TitlePassive and active seismological study of bending-related faulting and mantle serpentinization at the Middle America trench
Publication TypeJournal Article
Year of Publication2007
AuthorsGrevemeyer I, Ranero CR, Flueh ER, Kläschen D, Bialas J
JournalEarth and Planetary Science Letters
Date Publishedjun
Keywordsbending-related normal faulting, earthquakes, global water cycle, seismic refraction, serpentinization, subduction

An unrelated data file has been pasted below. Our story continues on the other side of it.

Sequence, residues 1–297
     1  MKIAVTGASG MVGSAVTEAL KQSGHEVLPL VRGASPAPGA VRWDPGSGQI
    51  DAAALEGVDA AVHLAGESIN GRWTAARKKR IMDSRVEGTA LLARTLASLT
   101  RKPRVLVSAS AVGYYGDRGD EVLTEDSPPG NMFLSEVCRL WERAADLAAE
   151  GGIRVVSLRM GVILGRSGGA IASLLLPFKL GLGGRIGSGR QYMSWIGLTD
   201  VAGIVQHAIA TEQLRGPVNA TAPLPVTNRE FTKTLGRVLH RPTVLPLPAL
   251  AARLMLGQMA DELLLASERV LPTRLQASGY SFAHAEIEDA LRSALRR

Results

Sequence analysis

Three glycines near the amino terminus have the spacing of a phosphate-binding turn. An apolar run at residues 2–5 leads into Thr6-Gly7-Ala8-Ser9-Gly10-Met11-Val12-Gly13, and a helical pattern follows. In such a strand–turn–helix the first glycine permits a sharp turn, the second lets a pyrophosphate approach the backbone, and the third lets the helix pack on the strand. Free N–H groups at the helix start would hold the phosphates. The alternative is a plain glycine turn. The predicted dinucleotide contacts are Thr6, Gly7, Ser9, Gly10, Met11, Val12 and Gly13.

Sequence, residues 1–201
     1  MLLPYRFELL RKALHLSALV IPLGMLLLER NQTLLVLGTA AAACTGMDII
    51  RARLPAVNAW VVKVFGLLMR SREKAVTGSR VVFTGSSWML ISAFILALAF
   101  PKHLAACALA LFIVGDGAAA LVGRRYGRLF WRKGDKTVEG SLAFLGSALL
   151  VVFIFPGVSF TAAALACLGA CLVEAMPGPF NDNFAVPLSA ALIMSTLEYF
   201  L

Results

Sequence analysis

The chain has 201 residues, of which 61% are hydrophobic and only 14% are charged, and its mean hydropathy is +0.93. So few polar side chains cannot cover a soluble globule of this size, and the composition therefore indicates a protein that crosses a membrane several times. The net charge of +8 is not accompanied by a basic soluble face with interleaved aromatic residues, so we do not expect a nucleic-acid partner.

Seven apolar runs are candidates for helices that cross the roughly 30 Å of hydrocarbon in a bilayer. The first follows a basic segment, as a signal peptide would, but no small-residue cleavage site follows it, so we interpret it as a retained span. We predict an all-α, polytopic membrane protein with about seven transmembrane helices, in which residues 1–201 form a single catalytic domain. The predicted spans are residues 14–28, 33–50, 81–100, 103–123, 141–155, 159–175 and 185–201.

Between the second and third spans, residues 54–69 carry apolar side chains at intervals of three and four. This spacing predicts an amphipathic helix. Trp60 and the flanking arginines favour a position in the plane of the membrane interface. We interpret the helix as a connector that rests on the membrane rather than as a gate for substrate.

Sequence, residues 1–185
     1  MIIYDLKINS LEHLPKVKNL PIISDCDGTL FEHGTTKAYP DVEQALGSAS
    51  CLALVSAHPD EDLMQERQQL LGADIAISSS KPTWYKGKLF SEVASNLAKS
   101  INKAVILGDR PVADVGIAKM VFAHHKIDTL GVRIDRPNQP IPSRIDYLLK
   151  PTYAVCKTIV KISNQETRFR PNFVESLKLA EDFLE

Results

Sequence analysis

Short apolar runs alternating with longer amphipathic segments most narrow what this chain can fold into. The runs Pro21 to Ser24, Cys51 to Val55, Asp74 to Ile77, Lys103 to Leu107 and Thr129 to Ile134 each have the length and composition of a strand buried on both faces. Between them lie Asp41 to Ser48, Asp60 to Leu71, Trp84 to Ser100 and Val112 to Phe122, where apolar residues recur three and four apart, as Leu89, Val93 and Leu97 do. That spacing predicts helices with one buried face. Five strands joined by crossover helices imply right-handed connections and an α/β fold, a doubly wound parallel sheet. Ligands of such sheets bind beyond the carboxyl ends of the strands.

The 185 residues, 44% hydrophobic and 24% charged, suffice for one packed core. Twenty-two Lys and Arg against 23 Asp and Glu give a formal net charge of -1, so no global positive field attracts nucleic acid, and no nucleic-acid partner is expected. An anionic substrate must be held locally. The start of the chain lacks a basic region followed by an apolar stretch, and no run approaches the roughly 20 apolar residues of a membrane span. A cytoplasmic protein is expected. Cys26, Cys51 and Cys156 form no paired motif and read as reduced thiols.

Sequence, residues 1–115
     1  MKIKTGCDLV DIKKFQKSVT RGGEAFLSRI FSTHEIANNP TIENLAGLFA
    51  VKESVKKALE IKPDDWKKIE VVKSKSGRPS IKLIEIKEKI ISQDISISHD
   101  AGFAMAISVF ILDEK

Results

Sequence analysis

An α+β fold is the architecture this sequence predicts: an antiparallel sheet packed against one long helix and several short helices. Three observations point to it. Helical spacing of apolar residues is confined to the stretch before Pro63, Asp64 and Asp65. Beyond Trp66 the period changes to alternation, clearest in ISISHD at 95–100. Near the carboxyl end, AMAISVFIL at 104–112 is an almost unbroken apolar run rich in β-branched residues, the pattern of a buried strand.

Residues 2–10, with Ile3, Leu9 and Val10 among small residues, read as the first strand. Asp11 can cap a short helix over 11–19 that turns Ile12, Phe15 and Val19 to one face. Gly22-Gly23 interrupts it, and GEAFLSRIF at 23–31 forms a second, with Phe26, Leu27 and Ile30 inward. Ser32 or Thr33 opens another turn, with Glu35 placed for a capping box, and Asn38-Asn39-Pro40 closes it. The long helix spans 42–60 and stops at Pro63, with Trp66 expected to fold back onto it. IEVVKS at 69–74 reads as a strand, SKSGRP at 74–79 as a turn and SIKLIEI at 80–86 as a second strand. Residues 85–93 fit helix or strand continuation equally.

AbstractWater transported within the subducting oceanic lithosphere into the Earth's interior affects a wealth of subduction zone processes, including intraslab earthquakes and arc magmatism. In recent years growing evidence suggests that much of the hydration of oceanic plates occurs at the trench-ocean slope right before subduction. Here, normal faults are created while the rigid lithosphere bends into the trench. Offshore of Middle America, multi-channel seismic reflection imaging suggests that bending-related faults cut into the uppermost mantle, providing a mechanism for hydration and transformation of mantle peridotites into serpentinites. Seismic wide-angle reflection and refraction data were collected coincident with one of the seismic profiles where the faults have been imaged. Travel time inversion provides evidence that both crustal and uppermost mantle velocities are reduced with respect to the velocity structure found in mature oceanic crust away from deep-sea trenches. If mantle velocity reduction is solely produced by hydration, velocities indicate 10-15% of serpentinization in the uppermost 3 km of the mantle, where seismic data provide enough resolution. A small network of ocean bottom hydrophones, deployed for about a month, detected ∼ 3 local micro earthquakes per day. Earthquake epicentres align with fault scarps at the seafloor and continuous earthquake activity might be an important process to facilitate the percolation of seawater into the upper mantle. © 2007 Elsevier B.V. All rights reserved.